OPINION: Self-Segregation Causes Groups to Miss Out on Diversity

By: Matthew Willarch
OwlFeed Journalist

What is self segregation?  “(Self-segregation) is the separation of a religious or ethnic group from the rest of society in a state by the group itself,” according to the guardian.com. But it can become much more than this.

Photo credit: Race and technology-wordpress.com

When a group of people or organization self-segregate, they run the risk of being out of the loop of current events that occur in their world. Beyond this, however, they are also missing out on things that could benefit the community, as they have systematically removed themselves from comformaties. This causes a schism in the integration of their society by not only stripping away the resource of people but often to the detriment of the group in question as they are often frowned upon by their ‘peers’ in the given society.

Self-segregation is prevalent when groups stray away from people of different backgrounds, which causes them to lose the ability to understand them. This may lead to fear and, eventually, to hate. It’s a natural progression which can manifest into racism and sexism.

In an article by Inside Higher ED called “When students self-segregate” an anonymous user posted “choose-your-own-partner philosophy has its downsides. Friends pick one another rather than going outside their comfort zones. There’s inevitably a… moment when the students who don’t know anyone else scramble to find partners. And once students have formed groups, the room can look like a middle-school dance.” This fear in how people at such a young age want to approach each other leads to self-segregation as people are becoming afraid to step out of their ethnic and gender comfort zones.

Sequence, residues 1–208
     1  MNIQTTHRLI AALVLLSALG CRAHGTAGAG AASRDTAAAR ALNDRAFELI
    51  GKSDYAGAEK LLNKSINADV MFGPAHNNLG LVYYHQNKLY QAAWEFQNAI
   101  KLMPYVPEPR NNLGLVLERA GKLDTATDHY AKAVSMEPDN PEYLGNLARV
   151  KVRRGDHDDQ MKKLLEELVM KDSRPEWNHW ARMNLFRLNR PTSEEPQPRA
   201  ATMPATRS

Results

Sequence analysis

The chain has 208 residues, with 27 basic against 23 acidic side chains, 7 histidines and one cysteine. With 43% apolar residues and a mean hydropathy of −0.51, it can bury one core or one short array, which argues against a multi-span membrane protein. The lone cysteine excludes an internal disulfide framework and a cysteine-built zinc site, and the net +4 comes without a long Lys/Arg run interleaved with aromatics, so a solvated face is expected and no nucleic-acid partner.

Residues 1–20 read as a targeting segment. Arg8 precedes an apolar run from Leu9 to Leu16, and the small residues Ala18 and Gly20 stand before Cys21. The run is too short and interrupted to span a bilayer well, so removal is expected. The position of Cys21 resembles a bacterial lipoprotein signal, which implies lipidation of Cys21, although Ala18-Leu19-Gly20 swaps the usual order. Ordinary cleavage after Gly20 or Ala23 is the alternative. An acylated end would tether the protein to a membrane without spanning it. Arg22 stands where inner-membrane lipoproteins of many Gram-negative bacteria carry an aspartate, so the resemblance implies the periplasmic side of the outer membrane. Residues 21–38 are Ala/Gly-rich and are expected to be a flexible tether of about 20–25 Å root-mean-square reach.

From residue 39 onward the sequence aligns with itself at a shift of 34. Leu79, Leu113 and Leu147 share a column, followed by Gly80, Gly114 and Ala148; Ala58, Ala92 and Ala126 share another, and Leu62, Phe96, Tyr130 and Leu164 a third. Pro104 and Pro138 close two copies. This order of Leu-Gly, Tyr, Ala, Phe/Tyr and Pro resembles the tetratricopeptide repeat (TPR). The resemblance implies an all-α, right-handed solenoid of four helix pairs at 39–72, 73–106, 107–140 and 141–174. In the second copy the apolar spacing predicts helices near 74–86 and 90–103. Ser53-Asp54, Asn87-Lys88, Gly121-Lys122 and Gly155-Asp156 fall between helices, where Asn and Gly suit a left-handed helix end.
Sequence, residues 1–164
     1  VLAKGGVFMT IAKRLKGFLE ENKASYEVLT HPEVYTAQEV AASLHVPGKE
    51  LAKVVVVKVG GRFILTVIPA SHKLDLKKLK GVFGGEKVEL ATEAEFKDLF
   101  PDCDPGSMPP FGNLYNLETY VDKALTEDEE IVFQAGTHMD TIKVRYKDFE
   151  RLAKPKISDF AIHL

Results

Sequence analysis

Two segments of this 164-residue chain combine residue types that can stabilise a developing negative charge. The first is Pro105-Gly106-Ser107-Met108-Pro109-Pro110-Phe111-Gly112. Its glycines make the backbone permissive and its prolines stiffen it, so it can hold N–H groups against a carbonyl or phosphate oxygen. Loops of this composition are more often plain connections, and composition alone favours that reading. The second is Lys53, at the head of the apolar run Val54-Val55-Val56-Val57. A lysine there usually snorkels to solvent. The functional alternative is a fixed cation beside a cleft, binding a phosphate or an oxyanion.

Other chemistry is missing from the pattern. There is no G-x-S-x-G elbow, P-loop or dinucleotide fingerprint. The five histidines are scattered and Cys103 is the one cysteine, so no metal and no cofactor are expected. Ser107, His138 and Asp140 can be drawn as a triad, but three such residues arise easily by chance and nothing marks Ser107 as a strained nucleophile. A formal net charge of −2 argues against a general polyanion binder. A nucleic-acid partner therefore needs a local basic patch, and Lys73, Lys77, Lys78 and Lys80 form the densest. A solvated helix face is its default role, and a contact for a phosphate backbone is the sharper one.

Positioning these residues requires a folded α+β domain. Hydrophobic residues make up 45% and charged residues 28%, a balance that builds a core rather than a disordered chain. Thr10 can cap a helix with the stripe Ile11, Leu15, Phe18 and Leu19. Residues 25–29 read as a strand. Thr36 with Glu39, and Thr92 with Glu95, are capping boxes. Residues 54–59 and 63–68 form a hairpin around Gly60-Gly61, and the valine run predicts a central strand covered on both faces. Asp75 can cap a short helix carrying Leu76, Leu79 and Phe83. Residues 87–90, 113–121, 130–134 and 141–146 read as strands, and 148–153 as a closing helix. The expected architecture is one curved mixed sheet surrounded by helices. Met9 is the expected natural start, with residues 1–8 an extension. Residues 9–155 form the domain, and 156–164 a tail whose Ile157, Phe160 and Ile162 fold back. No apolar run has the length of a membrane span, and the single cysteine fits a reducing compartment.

In an article by Business Insider called “How America’s self-segregation is dividing the country”  Dahana Boyd stated “It’s a fact: while Americans have countless tools with which to connect with one another, we are also watching fragmentation, polarization, and de-diversification happen in masses.”

One example of this is the concept of the “filter bubble” which is defined as “that personalization-driven algorithmic systems help silo people into segregated content streams.” Things like Facebook, Twitter, Instagram, and Snapchat all follow this algorithm which determines what we see and don’t see on our social media feeds.

A person who follows their favorite bands will only find others who like that band because these algorithms will only fill our feeds with things that we only personally relate to and we find appealing, compared to something that we don’t know much about. The self-segregation of this is shown in the fact that we systematically can’t leave our “filter bubbles” that we have made for ourselves due to a lack of diversity.

Even things that were designed to help us find new people will never allow us to find those that fall out of our preference so this cannot truly be seen as a medium for people of diversity while this algorithm exists, and the exact same thing can be said about people in the real world.

So my advice, for life, is to go outside and diversify.


Picture credit:Race and technology-wordpress.com